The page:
Max Campbell explains how his dream of sailing solo across the Atlantic almost became a nightmare

On a cloudy midsummer afternoon, my best friend, Harry Scott, and I waved goodbye to our worried mothers and sailed out of Falmouth’s Carrick Roads – two naïve 20-year-olds, wide-eyed and open to the world. We had loaded Flying Cloud, my 22ft Clyst Class wooden sloop, with surfboards, a foldaway bicycle, two pasties each and a pint of milk, and set sail for Brittany looking for nothing more than an adventure.

Having graduated from university, we had no commitments to work or education, and the freedom was overwhelming. And what better way to travel than a small sailing boat? We were transients, able to make a home wherever we dropped anchor – ever sure of a warm bed and a hot meal.

Our arrival in France was a novel occurrence, for both us and the people we met. With every stop, people were taken aback at the sight of two Cornish boys in a tiny wooden boat.


Max and Harry aboard Flying Cloud in northern Spain

We headed south down the Atlantic coast and by September, we were cruising west along the rugged, green and foggy northern coast of Spain. We were welcomed in the smallest fishing harbours, our long mooring lines fixed to the tall granite harbour walls. The friendly harbour authorities would come by and ask for nothing more than our names, then invite us to make use of the facilities and stop for a drink at the local Club Nautico.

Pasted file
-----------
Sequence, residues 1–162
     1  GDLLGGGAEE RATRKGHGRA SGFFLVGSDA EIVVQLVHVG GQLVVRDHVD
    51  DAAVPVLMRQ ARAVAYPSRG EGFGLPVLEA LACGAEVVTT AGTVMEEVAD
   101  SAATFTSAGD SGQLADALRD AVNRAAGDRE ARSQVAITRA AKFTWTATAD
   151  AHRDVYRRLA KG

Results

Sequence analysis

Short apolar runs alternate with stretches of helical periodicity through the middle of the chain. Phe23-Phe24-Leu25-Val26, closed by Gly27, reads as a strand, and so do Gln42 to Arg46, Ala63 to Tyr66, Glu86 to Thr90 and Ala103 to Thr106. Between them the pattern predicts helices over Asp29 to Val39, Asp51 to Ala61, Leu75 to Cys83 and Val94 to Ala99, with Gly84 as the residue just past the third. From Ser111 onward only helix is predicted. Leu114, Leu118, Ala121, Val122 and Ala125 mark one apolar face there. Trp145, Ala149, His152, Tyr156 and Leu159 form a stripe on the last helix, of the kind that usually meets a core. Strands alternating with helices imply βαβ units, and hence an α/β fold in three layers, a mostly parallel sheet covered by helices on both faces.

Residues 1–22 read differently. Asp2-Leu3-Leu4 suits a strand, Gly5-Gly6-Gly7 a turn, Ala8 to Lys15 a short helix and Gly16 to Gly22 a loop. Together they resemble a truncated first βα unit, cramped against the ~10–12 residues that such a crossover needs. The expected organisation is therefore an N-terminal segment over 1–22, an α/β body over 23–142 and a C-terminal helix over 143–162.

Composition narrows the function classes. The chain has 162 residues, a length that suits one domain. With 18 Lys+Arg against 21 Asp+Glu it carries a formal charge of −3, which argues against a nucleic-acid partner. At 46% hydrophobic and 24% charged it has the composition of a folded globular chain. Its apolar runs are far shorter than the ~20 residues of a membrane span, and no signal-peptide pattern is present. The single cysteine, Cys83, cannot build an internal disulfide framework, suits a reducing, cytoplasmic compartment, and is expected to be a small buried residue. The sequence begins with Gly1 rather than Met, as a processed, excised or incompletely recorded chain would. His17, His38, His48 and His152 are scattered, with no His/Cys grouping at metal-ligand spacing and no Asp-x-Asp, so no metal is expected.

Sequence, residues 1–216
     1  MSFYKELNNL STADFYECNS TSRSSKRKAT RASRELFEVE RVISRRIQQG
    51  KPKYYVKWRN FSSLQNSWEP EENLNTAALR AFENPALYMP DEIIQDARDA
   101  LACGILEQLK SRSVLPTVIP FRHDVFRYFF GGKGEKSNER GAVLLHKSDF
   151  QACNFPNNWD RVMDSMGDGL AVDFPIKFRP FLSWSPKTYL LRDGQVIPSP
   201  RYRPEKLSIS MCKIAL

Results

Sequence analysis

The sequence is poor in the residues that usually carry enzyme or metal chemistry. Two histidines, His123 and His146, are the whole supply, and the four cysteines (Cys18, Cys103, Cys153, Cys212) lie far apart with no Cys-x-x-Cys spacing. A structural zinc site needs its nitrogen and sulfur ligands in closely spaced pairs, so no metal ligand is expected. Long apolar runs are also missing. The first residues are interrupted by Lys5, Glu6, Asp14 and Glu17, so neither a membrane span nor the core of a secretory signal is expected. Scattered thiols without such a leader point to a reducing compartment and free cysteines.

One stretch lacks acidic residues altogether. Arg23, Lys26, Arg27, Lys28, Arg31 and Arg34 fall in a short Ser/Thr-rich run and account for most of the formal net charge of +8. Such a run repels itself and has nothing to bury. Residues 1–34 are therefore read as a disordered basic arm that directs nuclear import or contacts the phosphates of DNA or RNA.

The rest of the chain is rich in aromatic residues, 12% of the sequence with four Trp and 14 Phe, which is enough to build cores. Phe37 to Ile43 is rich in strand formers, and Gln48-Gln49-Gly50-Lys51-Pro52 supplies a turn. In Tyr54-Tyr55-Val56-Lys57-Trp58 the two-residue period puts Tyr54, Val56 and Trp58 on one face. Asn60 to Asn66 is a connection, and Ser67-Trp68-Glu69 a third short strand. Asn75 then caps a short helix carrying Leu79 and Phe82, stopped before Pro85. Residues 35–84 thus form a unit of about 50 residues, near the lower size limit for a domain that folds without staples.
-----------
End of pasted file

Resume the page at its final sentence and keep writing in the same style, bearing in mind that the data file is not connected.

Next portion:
In Portugal, the lush scenery was replaced with a flat, arid landscape. Brightly painted houses lay behind rocky cliffs and long sandy beaches. We poled out the jib and embraced the Portuguese tradewinds, goose-winging our way to Lisbon. Here we made friends not with the locals, but with a motley group of single-handed yachtsmen, who were all, like us, bound for the Caribbean for the winter. We were living the same dream – and we were doing it on a shoestring.

Then Harry jumped ship and joined up with a girl who had a van. In Lisbon he moved his possessions from Flying Cloud’s modest saloon into his new lover’s comparatively spacious 1997 Vauxhall Arena. It was an emotional goodbye, and initially I felt lonely and slightly dispirited at the thought of no longer having my best friend around to share conversation and boost morale. Also, on a practical level, it meant I would be unable to leave the helm when underway. So Harry was replaced with a bungee attached to the tiller – the ultimate short-term self-steering system.

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My inspiration to continue sailing came from Flying Cloud’s library, which contained an array of works by influential adventurers: Chris Bonington, Tristan Jones, John Guzzwell, Shane Acton, Yossi Ghinsberg, Laurie Lee, Sir Robin Knox-Johnston and Bernard Moitessier. Dreams of adventure occupied my thoughts; I yearned for adventures of my own.

The imperfect vessel